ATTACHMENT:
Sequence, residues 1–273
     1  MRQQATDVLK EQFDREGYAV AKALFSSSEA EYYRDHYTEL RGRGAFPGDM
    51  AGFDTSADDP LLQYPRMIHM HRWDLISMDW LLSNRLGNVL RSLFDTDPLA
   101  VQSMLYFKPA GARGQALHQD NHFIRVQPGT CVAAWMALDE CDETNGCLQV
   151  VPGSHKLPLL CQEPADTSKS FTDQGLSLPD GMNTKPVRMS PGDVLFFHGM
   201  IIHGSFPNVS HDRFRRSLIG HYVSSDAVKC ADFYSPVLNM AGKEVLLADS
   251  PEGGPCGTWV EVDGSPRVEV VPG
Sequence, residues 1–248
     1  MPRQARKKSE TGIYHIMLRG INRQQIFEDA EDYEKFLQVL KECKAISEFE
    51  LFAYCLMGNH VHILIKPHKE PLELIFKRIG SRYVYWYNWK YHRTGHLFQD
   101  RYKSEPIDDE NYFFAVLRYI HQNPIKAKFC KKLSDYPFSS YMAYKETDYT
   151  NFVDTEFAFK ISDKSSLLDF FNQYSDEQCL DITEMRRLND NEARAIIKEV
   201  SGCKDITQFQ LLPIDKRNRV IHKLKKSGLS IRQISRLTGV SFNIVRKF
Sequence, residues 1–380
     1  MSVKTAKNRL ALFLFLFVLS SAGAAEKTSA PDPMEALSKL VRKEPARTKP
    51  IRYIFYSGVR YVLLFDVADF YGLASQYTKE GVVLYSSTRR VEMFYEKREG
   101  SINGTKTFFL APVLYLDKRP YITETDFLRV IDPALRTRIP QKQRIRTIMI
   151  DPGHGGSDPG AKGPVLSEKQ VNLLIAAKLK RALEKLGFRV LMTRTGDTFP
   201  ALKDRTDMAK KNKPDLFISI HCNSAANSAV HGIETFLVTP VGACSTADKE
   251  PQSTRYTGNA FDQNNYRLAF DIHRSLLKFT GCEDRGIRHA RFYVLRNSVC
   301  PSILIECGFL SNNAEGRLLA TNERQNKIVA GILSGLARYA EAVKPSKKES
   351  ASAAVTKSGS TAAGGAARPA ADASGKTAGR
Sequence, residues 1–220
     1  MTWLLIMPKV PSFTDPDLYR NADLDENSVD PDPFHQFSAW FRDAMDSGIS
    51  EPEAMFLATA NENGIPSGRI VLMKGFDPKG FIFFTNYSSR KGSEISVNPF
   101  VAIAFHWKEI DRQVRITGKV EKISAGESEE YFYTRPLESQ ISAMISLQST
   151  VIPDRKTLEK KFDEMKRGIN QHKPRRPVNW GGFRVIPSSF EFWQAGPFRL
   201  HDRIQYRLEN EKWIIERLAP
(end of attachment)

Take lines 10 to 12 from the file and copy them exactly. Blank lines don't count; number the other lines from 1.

    51  LFAYCLMGNH VHILIKPHKE PLELIFKRIG SRYVYWYNWK YHRTGHLFQD
   101  RYKSEPIDDE NYFFAVLRYI HQNPIKAKFC KKLSDYPFSS YMAYKETDYT
   151  NFVDTEFAFK ISDKSSLLDF FNQYSDEQCL DITEMRRLND NEARAIIKEV